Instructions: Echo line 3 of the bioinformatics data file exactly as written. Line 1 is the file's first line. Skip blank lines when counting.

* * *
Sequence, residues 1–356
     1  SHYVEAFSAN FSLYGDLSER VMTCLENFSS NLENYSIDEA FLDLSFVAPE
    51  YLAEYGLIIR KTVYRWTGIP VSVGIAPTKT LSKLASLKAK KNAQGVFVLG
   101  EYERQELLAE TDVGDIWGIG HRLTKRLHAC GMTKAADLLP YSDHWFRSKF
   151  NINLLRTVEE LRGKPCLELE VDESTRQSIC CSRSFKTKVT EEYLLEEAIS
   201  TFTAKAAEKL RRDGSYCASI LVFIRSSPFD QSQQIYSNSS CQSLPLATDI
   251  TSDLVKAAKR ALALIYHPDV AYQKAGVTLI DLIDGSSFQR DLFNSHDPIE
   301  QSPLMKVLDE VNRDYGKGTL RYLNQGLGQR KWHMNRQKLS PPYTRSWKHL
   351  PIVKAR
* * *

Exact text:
    51  YLAEYGLIIR KTVYRWTGIP VSVGIAPTKT LSKLASLKAK KNAQGVFVLG